Between walls and rumours: women on the margins of the Israeli-Palestinian conflict

  • Mazyuna in her bedroom. Her son is imprisoned for life, but she keeps an empty bed for him next to hers. Several years ago she had a stroke that made her lose her eyesight. For four years she has lied to her son, pretending she can see him.
    CC BY-NC-ND / ICRC / ALYONA SYNENKO
  • “I can’t see him. I almost can’t hear him. Still, I would never miss a visit. Knowing he is close means so much,” says Mazyuna.
    CC BY-NC-ND / ICRC / ALYONA SYNENKO
  • Mazyuna takes out her festive dresses. She never wears them anymore, unable to celebrate or rejoice.
    CC BY-NC-ND / ICRC / ALYONA SYNENKO
  • Mazyuna leaving her house before dawn to visit her son. She says she never sleeps the night before the visit.
    CC BY-NC-ND / ICRC / ALYONA SYNENKO
  • Mazyuna waits to cross into Israel. Vendors at the checkpoint know her well, because she has been using it for the past 30 years.
    CC BY-NC-ND / ICRC / ALYONA SYNENKO
  • Once Mazyuna was allowed to touch her son and take a photograph together with him.
    CC BY-NC-ND / ICRC / ALYONA SYNENKO
  • The eldest daughter in the family, Mazyuna had to take care of her siblings and never learned to read. Whenever someone comes to visit, she asks them to read her son’s letters to her out loud.
    CC BY-NC-ND / ICRC / ALYONA SYNENKO
  • Mazyuna on the way to prison. Even before she arrives, she dreads the moment the visit will end.
    CC BY-NC-ND / ICRC / ALYONA SYNENKO
  • Iman on the way to visit her husband in prison. Iman is 40. Married at the age of 18, she lived with her husband for only two years before he was arrested.
    CC BY-NC-ND / ICRC / ALYONA SYNENKO
  • Iman and other relatives of Palestinian detainees on a Red Cross bus on their way to prison. Some 100,000 prison visits take place every year.
    CC BY-NC-ND / ICRC / ALYONA SYNENKO
  • The prison visit is the most important event of the month for Iman. She prepares for it well in advance.
    CC BY-NC-ND / ICRC / ALYONA SYNENKO
  • “I long for the day of the visit and feel empty afterwards. When they cut the phone, I keep knocking on the glass,” says Iman.
    CC BY-NC-ND / ICRC / ALYONA SYNENKO
  • Iman now lives with her elderly mother and the memories of her detained husband. Taking care of her sick mother helps Iman fill her days.
    CC BY-NC-ND / ICRC / ALYONA SYNENKO
  • Iman does not have any photos with her husband. She takes their old pictures and photoshops them together.
    CC BY-NC-ND / ICRC / ALYONA SYNENKO
  • Iman has a suitcase full of letters from her husband. She keeps all of his old clothes.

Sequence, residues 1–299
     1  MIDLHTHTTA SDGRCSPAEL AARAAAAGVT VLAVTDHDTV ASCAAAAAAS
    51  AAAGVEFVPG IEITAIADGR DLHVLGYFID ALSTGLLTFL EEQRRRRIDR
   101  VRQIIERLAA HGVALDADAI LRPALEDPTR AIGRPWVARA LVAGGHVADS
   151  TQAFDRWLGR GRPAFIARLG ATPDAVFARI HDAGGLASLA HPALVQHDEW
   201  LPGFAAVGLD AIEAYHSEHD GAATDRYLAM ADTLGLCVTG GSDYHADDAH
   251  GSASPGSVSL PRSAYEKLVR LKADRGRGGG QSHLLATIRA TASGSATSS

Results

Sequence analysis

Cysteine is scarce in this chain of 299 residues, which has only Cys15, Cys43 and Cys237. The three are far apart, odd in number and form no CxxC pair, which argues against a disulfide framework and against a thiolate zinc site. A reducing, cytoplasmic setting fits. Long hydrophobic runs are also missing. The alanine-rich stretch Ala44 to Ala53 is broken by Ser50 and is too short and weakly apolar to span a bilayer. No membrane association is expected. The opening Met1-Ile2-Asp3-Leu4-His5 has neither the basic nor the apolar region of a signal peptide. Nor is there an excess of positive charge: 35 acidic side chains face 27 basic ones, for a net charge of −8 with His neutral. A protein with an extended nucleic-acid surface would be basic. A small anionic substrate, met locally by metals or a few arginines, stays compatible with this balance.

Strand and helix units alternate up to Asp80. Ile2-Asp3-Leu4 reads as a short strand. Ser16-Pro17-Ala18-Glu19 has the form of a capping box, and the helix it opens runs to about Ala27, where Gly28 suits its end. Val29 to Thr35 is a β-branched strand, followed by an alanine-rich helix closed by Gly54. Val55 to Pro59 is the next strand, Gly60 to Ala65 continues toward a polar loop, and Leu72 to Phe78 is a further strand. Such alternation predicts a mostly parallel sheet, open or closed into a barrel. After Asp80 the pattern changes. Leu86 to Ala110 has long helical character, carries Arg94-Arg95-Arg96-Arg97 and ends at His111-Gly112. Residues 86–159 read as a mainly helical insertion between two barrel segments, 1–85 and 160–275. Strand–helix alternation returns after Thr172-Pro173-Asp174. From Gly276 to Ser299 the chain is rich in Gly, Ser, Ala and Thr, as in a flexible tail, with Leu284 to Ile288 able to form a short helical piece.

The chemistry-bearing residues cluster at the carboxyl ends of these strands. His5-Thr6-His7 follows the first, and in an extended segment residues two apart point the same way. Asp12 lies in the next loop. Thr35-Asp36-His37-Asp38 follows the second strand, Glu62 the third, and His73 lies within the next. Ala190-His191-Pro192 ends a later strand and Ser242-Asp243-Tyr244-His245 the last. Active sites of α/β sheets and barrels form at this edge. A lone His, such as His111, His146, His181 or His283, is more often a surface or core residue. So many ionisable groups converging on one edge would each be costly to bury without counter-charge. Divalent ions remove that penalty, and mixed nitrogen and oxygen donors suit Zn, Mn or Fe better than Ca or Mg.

CC BY-NC-ND / ICRC / ALYONA SYNENKO
  • Palestinian women waiting at the checkpoint to cross into Israel. “This is our life,” Iman said looking at the picture.
    CC BY-NC-ND / ICRC / ALYONA SYNENKO
  • Iman’s permit allowing her to enter Israel has expired. She is waiting to receive a new one.
    CC BY-NC-ND / ICRC / ALYONA SYNENKO
  • Fatmeh in her village on the outskirts of Hebron.
    CC BY-NC-ND / ICRC / ALYONA SYNENKO
  • Fatmeh has lived with her mother-in-law since her husband was arrested.
    CC BY-NC-ND / ICRC / ALYONA SYNENKO
  • Fatmeh got her daughters out of bed at five in the morning to catch the Red Cross bus that takes her to visit her husband in prison in Israel.
    CC BY-NC-ND / ICRC / ALYONA SYNENKO
30 October 2019

Some 6,000 Palestinian security detainees are held in Israel. Their wives and mothers travel up to 12 hours to see them once a month for 45 minutes through a glass separator. Prisoners receive a lot of attention, while the women visiting them remain largely unseen.

Invisible victims of the conflict, wives and mothers of Palestinian detainees organise their lives around prison visits. At the same time, they have to navigate a complex system of permits and checkpoints in the occupied West Bank, while trying to keep their families and community together.  

Mediating between prison and family life, they are isolated physically by checkpoints and socially because a woman living without her husband is often subject to scrutiny and the power of rumour.

The wives and mothers of detainees we spoke to didn’t show any sign of happiness or the ability to go out and live a normal life. Whether these limitations are self-imposed, a sign of mourning for absent loved ones or an obligation towards society, they define these women’s lives and create their shared sense of identity. Over the past year, we accompanied Iman, Fatmeh and Mazyouna on their journey.

The International Committee of the Red Cross has been facilitating family visits for Palestinian detainees in Israeli detention facilities since 1968. Over 3.5 million visits have taken place to date.